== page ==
College Physics for AP® Courses 2e

# Chapter 19

## Problems & Exercises

1.

42.8

4.

$1 . 00 × 10 5 K 1 . 00 × 10 5 K$

6.

(a) $4×104 W4×104 W$

(b) A defibrillator does not cause serious burns because the skin conducts electricity well at high voltages, like those used in defibrillators. The gel used aids in the transfer of energy to the body, and the skin doesn’t absorb the energy, but rather lets it pass through to the heart.

8.

(a) $7.40×103 C7.40×103 C$

(b) $1.54×1020 electrons per second1.54×1020 electrons per second$

9.

$3.89 × 10 6 C 3.89 × 10 6 C$

11.

(a) $1.44 × 10 12 V 1.44 × 10 12 V$

(b) This voltage is very high. A 10.0 cm diameter sphere could never maintain this voltage; it would discharge.

(c) An 8.00 C charge is more charge than can reasonably be accumulated on a sphere of that size.

15.

(a) $3.00 kV3.00 kV$

(b) $750 V750 V$

17.

(a) No. The electric field strength between the plates is $2.5×106V/m, 2.5×106V/m,$ which is lower than the breakdown strength for air ($3.0×106V/m3.0×106V/m$).

(b) 1.7 mm

19.

44.0 mV

21.

$15 kV 15 kV$

23.

(a) $800 KeV800 KeV$

(b) $25.0 km25.0 km$

24.

144 V

26.

(a) 1.80 km

(b) A charge of 1 C is a very large amount of charge; a sphere of radius 1.80 km is not practical.

28.

$–2 . 22 × 10 – 13 C –2 . 22 × 10 – 13 C$

30.

(a) $3 . 31 × 10 6 V 3 . 31 × 10 6 V$

(b) 152 MeV

32.

(a) $2 . 78 × 10 - 7 C 2 . 78 × 10 - 7 C$

(b) $2 . 00 × 10 - 10 C 2 . 00 × 10 - 10 C$

35.

(a) $2.96×109m/s2.96×109m/s$

(b) This velocity is far too great. It is faster than the speed of light.

(c) The assumption that the speed of the electron is far less than that of light and that the problem does not require a relativistic treatment produces an answer greater than the speed of light.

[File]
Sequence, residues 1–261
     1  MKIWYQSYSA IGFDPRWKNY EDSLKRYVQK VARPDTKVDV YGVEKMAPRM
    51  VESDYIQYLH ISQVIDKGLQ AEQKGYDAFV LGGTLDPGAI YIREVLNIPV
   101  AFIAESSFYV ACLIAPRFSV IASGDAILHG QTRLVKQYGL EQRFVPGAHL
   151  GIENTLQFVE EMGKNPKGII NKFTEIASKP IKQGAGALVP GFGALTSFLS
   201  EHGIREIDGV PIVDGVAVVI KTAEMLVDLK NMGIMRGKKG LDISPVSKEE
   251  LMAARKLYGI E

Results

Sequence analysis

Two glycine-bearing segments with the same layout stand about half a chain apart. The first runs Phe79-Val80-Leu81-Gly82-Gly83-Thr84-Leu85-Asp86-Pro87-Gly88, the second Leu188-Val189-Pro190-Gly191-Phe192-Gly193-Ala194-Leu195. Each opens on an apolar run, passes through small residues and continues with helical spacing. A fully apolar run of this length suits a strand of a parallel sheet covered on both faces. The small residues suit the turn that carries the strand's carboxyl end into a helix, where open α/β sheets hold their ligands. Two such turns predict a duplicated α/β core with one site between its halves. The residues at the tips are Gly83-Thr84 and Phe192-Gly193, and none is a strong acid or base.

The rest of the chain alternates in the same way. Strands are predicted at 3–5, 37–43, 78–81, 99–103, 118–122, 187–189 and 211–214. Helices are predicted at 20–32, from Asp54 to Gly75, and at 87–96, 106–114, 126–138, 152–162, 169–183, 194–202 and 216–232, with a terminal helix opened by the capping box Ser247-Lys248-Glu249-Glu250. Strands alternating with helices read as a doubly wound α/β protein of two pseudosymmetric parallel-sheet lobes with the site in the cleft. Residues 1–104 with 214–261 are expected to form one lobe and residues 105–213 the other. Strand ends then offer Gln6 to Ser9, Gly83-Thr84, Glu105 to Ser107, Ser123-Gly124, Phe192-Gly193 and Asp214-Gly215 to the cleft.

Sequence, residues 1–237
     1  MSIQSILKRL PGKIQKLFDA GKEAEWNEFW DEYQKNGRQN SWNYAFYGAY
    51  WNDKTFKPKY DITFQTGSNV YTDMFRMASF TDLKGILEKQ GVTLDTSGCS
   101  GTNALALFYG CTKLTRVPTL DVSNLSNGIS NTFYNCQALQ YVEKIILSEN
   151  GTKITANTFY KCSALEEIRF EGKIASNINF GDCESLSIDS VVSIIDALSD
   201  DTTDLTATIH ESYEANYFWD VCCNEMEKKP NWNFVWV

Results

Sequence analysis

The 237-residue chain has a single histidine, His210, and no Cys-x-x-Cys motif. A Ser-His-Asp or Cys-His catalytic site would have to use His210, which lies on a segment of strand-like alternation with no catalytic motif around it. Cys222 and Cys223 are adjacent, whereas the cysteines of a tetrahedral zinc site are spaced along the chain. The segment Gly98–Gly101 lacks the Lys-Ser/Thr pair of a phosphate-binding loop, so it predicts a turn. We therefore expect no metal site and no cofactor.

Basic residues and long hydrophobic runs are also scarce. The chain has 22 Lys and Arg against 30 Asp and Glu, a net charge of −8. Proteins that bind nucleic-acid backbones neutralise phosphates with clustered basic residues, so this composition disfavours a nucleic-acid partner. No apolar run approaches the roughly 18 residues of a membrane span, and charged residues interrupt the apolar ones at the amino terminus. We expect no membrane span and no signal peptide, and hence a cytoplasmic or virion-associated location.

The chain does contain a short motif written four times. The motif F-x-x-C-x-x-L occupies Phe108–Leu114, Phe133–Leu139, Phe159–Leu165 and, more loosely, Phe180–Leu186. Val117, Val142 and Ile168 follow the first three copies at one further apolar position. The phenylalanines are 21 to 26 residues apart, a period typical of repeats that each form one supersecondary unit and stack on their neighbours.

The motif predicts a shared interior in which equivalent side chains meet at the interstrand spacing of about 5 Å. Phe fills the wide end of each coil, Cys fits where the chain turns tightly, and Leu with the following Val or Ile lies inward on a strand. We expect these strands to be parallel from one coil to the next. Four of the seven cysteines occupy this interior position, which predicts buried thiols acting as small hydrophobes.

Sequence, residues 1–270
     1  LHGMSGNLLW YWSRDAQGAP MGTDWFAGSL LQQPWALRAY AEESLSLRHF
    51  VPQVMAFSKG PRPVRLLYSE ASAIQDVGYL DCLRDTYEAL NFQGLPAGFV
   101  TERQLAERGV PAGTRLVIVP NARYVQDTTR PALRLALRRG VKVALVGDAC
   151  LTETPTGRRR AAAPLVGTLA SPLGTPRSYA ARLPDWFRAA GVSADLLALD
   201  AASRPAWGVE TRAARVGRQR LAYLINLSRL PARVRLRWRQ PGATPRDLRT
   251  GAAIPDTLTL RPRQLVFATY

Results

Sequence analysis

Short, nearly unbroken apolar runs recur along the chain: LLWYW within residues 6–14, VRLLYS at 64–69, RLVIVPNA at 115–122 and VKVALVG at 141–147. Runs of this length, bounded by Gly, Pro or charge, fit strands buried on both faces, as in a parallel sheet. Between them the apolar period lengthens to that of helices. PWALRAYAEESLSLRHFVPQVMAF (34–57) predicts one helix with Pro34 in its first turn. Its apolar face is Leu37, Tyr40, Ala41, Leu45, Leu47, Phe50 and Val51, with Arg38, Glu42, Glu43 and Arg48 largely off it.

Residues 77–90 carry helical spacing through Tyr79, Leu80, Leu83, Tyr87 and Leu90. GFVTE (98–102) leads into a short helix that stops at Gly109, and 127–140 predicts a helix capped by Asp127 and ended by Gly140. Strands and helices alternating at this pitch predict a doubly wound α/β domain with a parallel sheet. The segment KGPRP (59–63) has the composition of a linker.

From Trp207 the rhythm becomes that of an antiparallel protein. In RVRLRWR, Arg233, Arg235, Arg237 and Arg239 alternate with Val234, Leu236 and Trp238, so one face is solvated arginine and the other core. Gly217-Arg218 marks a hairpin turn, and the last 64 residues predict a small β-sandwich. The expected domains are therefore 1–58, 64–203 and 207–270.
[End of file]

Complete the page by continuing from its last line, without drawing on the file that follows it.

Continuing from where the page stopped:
46.

$21 . 6 mC 21 . 6 mC$

48.

$80 . 0 mC 80 . 0 mC$

50.

20.0 kV

52.

$667 pF 667 pF$

54.

(a) $4.4 µF4.4 µF$

(b) $4.0×10–5 C4.0×10–5 C$

56.

(a) 14.2 kV

(b) The voltage is unreasonably large, more than 100 times the breakdown voltage of nylon.

(c) The assumed charge is unreasonably large and cannot be stored in a capacitor of these dimensions.

57.

$0.293 μF 0.293 μF$

59.

$3.08 µF3.08 µF$ in series combination, $13.0 µF13.0 µF$ in parallel combination

60.

$2 . 79 µF 2 . 79 µF$

62.

(a) $–3.00 µF–3.00 µF$

(b) You cannot have a negative value of capacitance.

(c) The assumption that the capacitors were hooked up in parallel, rather than in series, was incorrect. A parallel connection always produces a greater capacitance, while here a smaller capacitance was assumed. This could happen only if the capacitors are connected in series.

63.

(a) $405 J 405 J$

(b) $90.0 mC 90.0 mC$

64.

(a) 3.16 kV

(b) 25.3 mC

66.

(a) $1.42 × 10 −5 C 1.42 × 10 −5 C$, $6.38 × 10 −5 J 6.38 × 10 −5 J$

(b) $8.46 × 10 −5 C 8.46 × 10 −5 C$, $3.81 × 10 −4 J 3.81 × 10 −4 J$

67.

(a) $4.43×10–12 F4.43×10–12 F$

(b) $0.452 V0.452 V$

(c) $4.52×10–10 J4.52×10–10 J$

70.

(a) $133F133F$

(b) Such a capacitor would be too large to carry with a truck. The size of the capacitor would be enormous.

(c) It is unreasonable to assume that a capacitor can store the amount of energy needed.

## Test Prep for AP® Courses

1.

(d)

3.

(b)

5.

(c)

7.

(a)

9.

(b)

11.

(b)

13.

(a)

15.

(c)

17.

(b)

19.

(a)

21.

(d)

23.

(d)

25.

(a)

27.

(b)

29.

(c)

31.

(d)

33.

(a)

35.

(c)

37.

(c)

39.

(b)

41.

(a)

43.

(d)

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